Mr. Reddy, who took over from Murli Deora in January 2011, resisted and then rolled back the influence of Mr. Ambani's Reliance Industries Ltd. on the Ministry. On his watch, RIL's high-pressure campaign to revise the price of natural gas upwards was blocked. He also questioned the steep decline in gas production from the company's once prolific KG D6 gas block off the Andhra coast and brought RIL under the scrutiny of the Comptroller and Auditor- General. As a reward, he has been shifted to the low-key Science and Technology and Earth Sciences Ministry while M Veerappa Moily has been brought in the Petroleum Ministry to placate RIL.Against the backdrop of rising global gas prices, RIL has been demanding that it be paid more for the natural gas it produces from the KG basin. But with the price of domestic gas — as set by the Empowered Group of Ministers (EGoM) in 2010 — not due for revision till April 2014, Mr. Reddy said no. He also ordered scrutiny of the expenditure the company claimed to have incurred in bringing KG D6 into production. The result: RIL was disallowed a $1.46-billion expenditure for its failure to maintain the gas output from its KG basin facility. RIL has blamed the sharp drop in output from the 53-54 million metric standard cubic meters per day (mmscmd) achieved in March 2010 to almost 27.5 mmscmd on production difficulties related to the structure of the gas field but Ministry officials harbour doubts.
They say that during 2011-12, RIL's output should have averaged around 70 mmscmd. Instead, it stood at 42 mmscmd, causing a direct loss of Rs. 20,000 crore to the exchequer. During 2012-13, production stands at 25 mmscmd instead of the projected 80 mmscmd, leading to a loss of around Rs. 45,000 crore to the exchequer. "Every 1 mmscmd drop in production of gas means a loss of 210 MW of power capacity. Power plants in various parts of the country to the capacity of nearly 20,000 MW with bank guarantees of around Rs. 30,000 crore are lying idle without gas. Fertilizer was being imported more than anticipated due to the fall in gas output from the KG basin. This is a huge loss to the nation, and who knows if gas production was being suppressed for want of revised price," a senior official told The Hindu.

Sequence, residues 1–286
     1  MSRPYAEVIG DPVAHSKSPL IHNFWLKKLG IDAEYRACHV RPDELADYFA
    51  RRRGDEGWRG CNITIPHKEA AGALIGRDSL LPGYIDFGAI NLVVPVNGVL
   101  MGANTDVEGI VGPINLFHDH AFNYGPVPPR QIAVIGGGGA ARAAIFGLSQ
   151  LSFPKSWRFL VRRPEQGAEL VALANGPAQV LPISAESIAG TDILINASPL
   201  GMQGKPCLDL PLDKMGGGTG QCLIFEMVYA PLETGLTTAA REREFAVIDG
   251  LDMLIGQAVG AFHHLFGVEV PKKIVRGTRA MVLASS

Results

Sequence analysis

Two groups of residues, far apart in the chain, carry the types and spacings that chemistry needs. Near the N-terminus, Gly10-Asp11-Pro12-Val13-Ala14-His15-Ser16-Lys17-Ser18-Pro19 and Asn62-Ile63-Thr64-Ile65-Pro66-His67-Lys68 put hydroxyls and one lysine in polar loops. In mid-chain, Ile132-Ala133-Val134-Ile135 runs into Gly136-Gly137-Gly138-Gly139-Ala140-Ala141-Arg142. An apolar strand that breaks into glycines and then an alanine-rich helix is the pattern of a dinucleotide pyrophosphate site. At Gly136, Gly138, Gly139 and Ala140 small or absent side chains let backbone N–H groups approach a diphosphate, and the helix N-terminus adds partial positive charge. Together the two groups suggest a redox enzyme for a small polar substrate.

As Mr. Ambani pressed his case on Raisina Hill, the demand to revise gas prices upwards even before the April 2014 deadline soon started coming from other Ministers and also the Prime Minister's Office (PMO). "There was strong pressure within the EGoM to revise the price. The matter was referred to the Attorney-General. The AG said it was a matter of policy and not law but the April 2014 deadline for price revision was still valid. The PMO was all the time putting pressure on the Petroleum Ministry to work out a solution to allow RIL a revised price. But Mr. Reddy resisted on the grounds that it would cause a loss of $6.3 billion to the exchequer and put a huge burden on the common man, the farmers and the fertilizer industry in the shape of a sharp hike in the price of power and fertilizers," the official said.
RIL was also upset at being forced to agree to an audit of the KG D6 gas field by the CAG. The company had insisted that it was a private entity and couldn't be audited. However, Mr. Reddy and his team of officials maintained that they were well within their rights under section 1.9 of the production sharing contract to seek a second audit and that RIL would have to submit itself to CAG scrutiny or face non-approval of its field development plans and expenditure.
In 2006, Mani Shankar Aiyar was ousted unceremoniously from the Ministry amid rumours that the Congress wanted a more "industry friendly" minister in the key portfolio.
Source- Pioneer, Hindu